UK Expat Property Owners Under Attack – Again!

UK Budget 2018

At the Conservative Party conference, Theresa May stated the Government’s intention to impose a levy on “Foreign” buyers of UK property. The definition of “foreign” is being non-UK resident for tax purposes which will impact UK expats around the world. This levy is likely to be in the range 1% – 3% and further announcements will be made in due course1.

Over the last few years we have seen successive Budgets pile pressure on “foreign” owners of UK property with a number of measures:

  • 2015 – Non-residents becoming subject to UK CGT on disposal of UK property
  • 2015 – Introduction of requirement to spend 90 days in a tax year in a property to qualify for Principle Private Residence Relief for that tax year
  • 2015 – Reduction in the “Final Ownership Period” from 3 years to 18 months
  • 2015 – Introduction of requirement to file CGT return within 30 days of completion of sale for non-residents
  • 2016 – Additional 3% Stamp Duty for purchase of additional UK residential properties – PROPERTIES OVERSEAS COUNTED
  • 2016 – Restrictions on the relief which can be claimed for mortgage interest on Buy to Let properties
  • 2017 – All UK property to be subject to Inheritance Tax, whether directly owned or owned through a company or trust

Now in the latest Budget two further changes have been proposed:

  • Letting relief is all but abolished (likely from 2020) with a requirement to live in the property being rented out to qualify!
  • As if that was not enough the “Final Ownership Period” is being cut again to 9 months

The UK Government plan to consult on the latest changes although the consultation has not yet been made available.

What does this mean to UK property owners?

Further reductions to reliefs and allowances coupled with higher taxes on purchases and sales have led us to the point where property prices are under pressure and even, in some cases, already falling2.

Overseas demand has been dampened by fiscal measures and even the weakness of the Pound does not seem to be enough to sustain demand from overseas buyers2.

Expectations of interest rate rises could have a negative impact on affordability further dampening demand and prices2.

Where property is owned as a family home which you plan to return to and see out the rest of your life in it, none of the changes really matter, however the outlook for investment properties could be bleak and perhaps now is the time to consider whether retaining these investments is in your best interests.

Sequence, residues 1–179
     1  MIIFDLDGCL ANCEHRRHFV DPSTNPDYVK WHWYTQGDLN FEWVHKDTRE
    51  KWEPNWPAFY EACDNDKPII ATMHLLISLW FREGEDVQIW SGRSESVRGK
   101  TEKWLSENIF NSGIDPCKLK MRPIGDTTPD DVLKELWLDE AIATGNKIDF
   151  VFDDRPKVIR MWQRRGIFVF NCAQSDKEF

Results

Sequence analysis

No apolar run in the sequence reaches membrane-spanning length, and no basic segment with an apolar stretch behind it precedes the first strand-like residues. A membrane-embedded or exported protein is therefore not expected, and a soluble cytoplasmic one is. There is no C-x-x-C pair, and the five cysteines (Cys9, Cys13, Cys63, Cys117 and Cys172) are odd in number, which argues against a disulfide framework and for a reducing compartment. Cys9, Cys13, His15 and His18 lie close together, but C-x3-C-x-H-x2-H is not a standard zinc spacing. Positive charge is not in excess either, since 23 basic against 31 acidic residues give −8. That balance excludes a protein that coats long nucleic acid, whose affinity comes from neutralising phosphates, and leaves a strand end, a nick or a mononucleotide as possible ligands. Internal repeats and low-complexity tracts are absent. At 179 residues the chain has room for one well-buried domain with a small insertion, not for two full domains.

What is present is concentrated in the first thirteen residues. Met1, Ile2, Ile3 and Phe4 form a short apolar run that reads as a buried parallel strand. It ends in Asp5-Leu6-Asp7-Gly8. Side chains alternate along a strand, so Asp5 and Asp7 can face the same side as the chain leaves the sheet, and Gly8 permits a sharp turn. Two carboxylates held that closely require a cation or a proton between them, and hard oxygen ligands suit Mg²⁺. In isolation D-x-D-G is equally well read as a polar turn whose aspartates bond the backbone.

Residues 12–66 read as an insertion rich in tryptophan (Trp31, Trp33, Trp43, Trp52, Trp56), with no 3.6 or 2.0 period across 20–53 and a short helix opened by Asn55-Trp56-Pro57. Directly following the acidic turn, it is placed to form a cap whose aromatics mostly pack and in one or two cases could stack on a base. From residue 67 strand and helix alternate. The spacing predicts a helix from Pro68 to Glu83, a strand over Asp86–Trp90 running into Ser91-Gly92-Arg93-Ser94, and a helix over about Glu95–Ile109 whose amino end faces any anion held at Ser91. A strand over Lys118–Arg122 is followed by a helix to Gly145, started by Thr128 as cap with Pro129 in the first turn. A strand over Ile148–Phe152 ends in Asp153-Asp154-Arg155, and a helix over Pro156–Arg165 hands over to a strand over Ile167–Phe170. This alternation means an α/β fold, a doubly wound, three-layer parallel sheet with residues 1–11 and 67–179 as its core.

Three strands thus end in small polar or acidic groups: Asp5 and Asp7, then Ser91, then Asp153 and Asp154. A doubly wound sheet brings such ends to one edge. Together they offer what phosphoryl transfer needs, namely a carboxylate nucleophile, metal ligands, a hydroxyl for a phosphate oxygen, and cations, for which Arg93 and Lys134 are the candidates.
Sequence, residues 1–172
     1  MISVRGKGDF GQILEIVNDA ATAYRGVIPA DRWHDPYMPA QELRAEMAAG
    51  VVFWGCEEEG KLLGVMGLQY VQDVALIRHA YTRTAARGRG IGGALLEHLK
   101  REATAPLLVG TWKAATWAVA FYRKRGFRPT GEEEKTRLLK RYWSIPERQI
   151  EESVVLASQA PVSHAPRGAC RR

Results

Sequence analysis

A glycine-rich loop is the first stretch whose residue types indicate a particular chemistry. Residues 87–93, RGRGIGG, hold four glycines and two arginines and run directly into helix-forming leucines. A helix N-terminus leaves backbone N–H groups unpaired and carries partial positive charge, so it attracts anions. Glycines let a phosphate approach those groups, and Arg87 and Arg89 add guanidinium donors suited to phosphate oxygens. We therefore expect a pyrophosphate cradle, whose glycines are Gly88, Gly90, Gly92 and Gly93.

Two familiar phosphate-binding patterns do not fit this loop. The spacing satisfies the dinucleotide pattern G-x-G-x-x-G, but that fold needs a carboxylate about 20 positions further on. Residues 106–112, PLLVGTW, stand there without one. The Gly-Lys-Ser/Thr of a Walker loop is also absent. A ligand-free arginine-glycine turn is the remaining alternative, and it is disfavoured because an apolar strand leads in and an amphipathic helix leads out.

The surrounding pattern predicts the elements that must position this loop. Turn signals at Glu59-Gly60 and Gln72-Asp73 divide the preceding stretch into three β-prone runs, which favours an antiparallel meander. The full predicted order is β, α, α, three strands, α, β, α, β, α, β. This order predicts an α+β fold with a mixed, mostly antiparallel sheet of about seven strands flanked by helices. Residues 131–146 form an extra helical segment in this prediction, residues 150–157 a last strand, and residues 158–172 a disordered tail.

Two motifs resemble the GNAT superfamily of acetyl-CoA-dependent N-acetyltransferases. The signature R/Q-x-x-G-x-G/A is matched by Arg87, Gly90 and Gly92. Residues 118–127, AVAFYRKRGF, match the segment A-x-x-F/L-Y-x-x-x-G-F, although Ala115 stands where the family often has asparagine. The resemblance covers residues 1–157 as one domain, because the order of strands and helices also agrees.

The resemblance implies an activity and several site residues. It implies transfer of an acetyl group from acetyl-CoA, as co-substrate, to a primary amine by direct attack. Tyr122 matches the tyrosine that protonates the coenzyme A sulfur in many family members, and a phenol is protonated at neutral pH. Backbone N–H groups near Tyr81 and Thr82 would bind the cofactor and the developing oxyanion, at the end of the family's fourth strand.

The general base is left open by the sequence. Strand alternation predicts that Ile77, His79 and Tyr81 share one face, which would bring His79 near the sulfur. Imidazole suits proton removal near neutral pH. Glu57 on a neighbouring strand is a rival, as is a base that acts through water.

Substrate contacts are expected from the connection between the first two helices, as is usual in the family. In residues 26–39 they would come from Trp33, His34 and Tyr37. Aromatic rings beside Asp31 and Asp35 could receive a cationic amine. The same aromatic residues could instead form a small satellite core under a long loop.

What should you do?

If you own UK property as an investment you should review it in the same way any other investment would be:

1. What returns are being generated after costs:

  • Gross and,
  • Net of Tax

2. What about liquidity?

  • When will you need the money?
  • Will it be easy to sell quickly and at the right price?

3. What are the alternatives?

Speak to your AAM Financial Planner or email today to find out more.


Ian Black
Head of Financial Planning & Wealth Solutions
AAM Advisory




Taxation information sourced from

This article is an op-ed piece by Ian Black. The views expressed in this article are those of the author and do not necessarily reflect the views of AAM Advisory Pte Ltd. This document/article should not be construed as an offer, solicitation of an offer, or a recommendation to transact in any securities/products mentioned herein. The information does not take into account the specific investment objectives, financial situation or particular needs of any person. Advice should be sought from a licensed financial adviser regarding the suitability of the investment product before making a commitment to purchase the investment product. Past performance is not necessarily indicative of future performance. Any prediction, projection, or forecast on the economy, securities markets or the economic trends of the markets is not necessarily indicative of future performance. Whilst we have taken all reasonable care to ensure that the information contained in this document is not untrue or misleading at the time of publication, we cannot guarantee its accuracy or completeness. Any opinion or estimate contained in this document is subject to change without notice. The above report may contain data obtained from third parties and as such we cannot guarantee the accuracy of this data.